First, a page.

Shilabalika, a.k.a. ‘salabhanjika’, is a standard decorative element of Indian sculpture depicting in stone a young female under a stylized tree in various poses, such as dancing, grooming herself or playing a musical instrument.

The below picture depicts three such Shilabalika structures on the outer wall of Chennakeshava temple, Belur.
shilabalikas on chennakeshava temple wall

The salabhanjika concept stems from ancient symbolism linking a chaste maiden with the sala tree or the asoka tree through the ritual called dohada, or the fertilisation of plants through contact with a young woman. The symbolism changed over the course of time and the salabhanjika became figures used as ornamental carvings, usually located in the area where worshipers engage in circumambulation, near the garbhagriha of many Hindu temples.
The salabhanjika’s female features, like breasts and hips, are often exaggerated. Frequently these sculpted figures display complex hairdos and an abundance of jewelry.

The Shilabalikas shown in the picture below are located inside the temple. These sculptures adorn the edges of a square elevated ceiling before the sanctum area.

shilabalika dancing

shilabalika in nataraj pose

shilabalika grooming hair

Anoop Hullenahalli

An Electronics Engineer working on wireless embedded systems for a living. Traveling, photographing and sharing my experiences here at ANUBIMB helps me unwind and break the monotony of life.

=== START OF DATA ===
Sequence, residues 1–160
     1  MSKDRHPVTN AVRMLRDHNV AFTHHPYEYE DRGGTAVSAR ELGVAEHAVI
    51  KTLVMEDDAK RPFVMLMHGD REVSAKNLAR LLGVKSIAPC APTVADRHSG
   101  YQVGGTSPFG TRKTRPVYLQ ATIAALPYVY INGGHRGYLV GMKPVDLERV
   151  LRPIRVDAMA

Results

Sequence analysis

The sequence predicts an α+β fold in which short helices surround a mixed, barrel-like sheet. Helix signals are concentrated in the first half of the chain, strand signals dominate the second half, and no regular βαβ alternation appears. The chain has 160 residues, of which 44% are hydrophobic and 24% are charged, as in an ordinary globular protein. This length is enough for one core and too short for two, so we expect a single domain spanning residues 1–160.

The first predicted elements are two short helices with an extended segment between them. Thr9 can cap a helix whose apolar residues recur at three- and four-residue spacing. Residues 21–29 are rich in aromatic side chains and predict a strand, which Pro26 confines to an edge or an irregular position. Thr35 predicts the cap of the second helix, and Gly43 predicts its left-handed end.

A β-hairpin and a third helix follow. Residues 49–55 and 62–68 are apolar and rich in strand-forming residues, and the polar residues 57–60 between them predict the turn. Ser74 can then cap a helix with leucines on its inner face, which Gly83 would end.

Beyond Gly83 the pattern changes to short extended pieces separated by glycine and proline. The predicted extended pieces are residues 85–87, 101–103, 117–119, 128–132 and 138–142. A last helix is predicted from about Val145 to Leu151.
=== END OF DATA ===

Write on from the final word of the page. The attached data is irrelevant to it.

Sarah · 28 Jul ’11 at 3:09 am

we just visited this temple last week in Belur… 

    Anoop · 4 Aug ’11 at 5:53 am

    that’s great!.. did you like what you saw?

    Anonymous · 20 Oct ’14 at 7:01 am

    Its beautiful

    Anoop · 4 Aug ’11 at 6:08 am

    thanks. you have some excellent captures from the bangalore fashion week 2011.

Sunil Deepak · 3 Aug ’11 at 7:22 am

Beautiful images made better by clear explanations and a bit of cultural history 🙂

    Anoop · 4 Aug ’11 at 6:09 am

    thanks for your appreciation.

Shrinidhi Hande · 4 Aug ’11 at 1:29 am

We should appreciate the craftsmanship of artists those days… Six sigma,zero defect delivery

    Anoop · 4 Aug ’11 at 6:10 am

    I do appreciate the craftsmanship of the artists, but we never know how many such sculptures didn’t make the cut, do we?! so six sigma not sure! 😛

vishnu kumar · 18 Dec ’11 at 10:20 am

that’s an insight….thanks for researching on this facet of the temple…

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